Tuesday, 3 February 2009

More proof of FSA incompetence

Why does this not surprise me:

The City watchdog was warned that Icelandic bank Kaupthing was not "fit and proper" to run the UK bank Singer & Friedlander, MPs were told today. Tony Shearer, former chief executive of Singer & Friedlander (S&F), said he contacted the Financial Services Authority about his doubts in April 2005 during the takeover of the group by Kaupthing.

He said he and fellow directors took "every step that they thought was reasonable" to alert the FSA that they did not think Kaupthing was "fit and proper to run a UK bank". Overall, five of the seven members of the board made their concerns known in some way.

(From the Independent)

Isn't it about time that there was a public enquiry into the activities of the FSA. What exactly were they doing during all those bubble years?


Mark Wadsworth said...

Which 'activities' exactly? Is doing nothing a crime?

Anonymous said...

As ever you are spot on Alice.

The answer appears to involve accruing public sector pension rights.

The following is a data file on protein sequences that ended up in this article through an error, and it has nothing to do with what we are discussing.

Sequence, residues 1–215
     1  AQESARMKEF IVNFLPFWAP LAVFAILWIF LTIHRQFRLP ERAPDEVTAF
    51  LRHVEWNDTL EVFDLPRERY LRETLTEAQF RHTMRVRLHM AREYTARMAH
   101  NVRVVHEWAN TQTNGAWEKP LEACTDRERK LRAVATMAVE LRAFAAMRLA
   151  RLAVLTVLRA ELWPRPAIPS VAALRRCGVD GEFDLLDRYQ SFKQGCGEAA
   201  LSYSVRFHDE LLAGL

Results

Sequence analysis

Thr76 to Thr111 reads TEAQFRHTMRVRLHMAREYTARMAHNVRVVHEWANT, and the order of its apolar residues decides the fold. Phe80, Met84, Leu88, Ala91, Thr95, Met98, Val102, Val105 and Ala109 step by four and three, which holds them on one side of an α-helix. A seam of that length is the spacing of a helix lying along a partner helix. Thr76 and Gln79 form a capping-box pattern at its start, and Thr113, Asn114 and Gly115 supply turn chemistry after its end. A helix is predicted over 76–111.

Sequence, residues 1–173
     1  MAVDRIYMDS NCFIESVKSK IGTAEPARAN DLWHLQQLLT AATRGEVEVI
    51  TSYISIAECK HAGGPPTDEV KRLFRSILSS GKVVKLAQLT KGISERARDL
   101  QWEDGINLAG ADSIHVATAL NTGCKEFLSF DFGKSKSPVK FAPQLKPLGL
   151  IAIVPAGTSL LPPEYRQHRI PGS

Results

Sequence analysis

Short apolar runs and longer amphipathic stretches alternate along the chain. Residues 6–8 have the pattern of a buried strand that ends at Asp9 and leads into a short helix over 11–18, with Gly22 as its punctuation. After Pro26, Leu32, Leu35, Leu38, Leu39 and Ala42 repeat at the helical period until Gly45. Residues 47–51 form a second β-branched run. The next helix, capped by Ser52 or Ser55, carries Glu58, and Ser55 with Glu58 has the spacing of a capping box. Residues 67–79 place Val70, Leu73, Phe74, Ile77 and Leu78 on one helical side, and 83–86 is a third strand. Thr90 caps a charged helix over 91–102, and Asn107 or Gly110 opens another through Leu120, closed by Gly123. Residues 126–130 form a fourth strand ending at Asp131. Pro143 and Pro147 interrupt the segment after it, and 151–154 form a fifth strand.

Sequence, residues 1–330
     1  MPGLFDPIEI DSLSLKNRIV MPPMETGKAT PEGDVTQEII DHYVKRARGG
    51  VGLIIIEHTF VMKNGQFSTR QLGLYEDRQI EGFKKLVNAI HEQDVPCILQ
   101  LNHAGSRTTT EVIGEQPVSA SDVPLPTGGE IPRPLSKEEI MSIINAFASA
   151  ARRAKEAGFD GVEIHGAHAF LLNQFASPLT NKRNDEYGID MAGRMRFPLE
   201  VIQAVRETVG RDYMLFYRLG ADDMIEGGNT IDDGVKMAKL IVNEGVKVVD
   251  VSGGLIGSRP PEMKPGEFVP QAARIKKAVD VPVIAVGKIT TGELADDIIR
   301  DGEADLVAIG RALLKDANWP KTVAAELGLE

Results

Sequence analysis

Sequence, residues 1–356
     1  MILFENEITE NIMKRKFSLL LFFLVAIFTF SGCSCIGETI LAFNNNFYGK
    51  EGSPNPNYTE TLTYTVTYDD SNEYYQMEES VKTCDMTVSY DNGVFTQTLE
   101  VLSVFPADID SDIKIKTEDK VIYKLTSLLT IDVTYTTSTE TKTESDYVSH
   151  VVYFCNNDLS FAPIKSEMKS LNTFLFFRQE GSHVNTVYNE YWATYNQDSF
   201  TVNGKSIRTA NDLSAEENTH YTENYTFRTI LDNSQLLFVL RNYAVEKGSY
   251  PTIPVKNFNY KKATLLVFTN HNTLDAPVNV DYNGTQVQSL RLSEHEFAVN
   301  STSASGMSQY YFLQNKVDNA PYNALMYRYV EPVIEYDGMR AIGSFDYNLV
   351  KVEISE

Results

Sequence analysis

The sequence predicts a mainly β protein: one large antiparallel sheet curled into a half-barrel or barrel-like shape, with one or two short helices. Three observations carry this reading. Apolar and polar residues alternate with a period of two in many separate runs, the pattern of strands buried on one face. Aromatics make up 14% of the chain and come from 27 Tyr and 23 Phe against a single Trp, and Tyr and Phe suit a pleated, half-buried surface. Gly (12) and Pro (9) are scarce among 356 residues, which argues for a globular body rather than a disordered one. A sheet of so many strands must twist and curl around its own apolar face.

Anonymous said...

Whenever there is an example of gross incompetence from politicians or civil servants or judges, my wife says "look at their bank accounts". She means it both literally and metaphorically.

Nick von Mises said...

Mind you, the board of a company being taken over complaining about the people taking them over could've easily sounded like sour grapes. It's the substance of the warning that matters, not the simple fact it was made.

AntiCitizenOne said...

Perhaps not...

Paul Selway-Swift, Chairman of Singer & Friedlander, said:
"The offer presents an attractive valuation of Singer & Friedlander and has the unanimous support of the Board. Since Kaupthing Bank became a significant shareholder in Singer & Friedlander in October 2003 it has been very supportive of management, and more recently has also partnered the group in some of our large loan positions."

Tony Shearer, Chief Executive Officer of Singer & Friedlander, said:
"Singer & Friedlander is well positioned in its core markets and its growth strategy over the last year has yielded good returns for shareholders. The combination with Kaupthing Bank will allow Singer & Friedlander to continue to develop this strategy within a larger financial group."

AntiCitizenOne said...


Traders speculated Kaupthing, which is Singer's largest single shareholder, may look to increase its stake or possibly launch a bid for the group. However, they said an offer for the company is unlikely to currently be on the table as finance director Anthony Shearer bought 10,000 shares last week.

Electro-Kevin said...

SFA more like.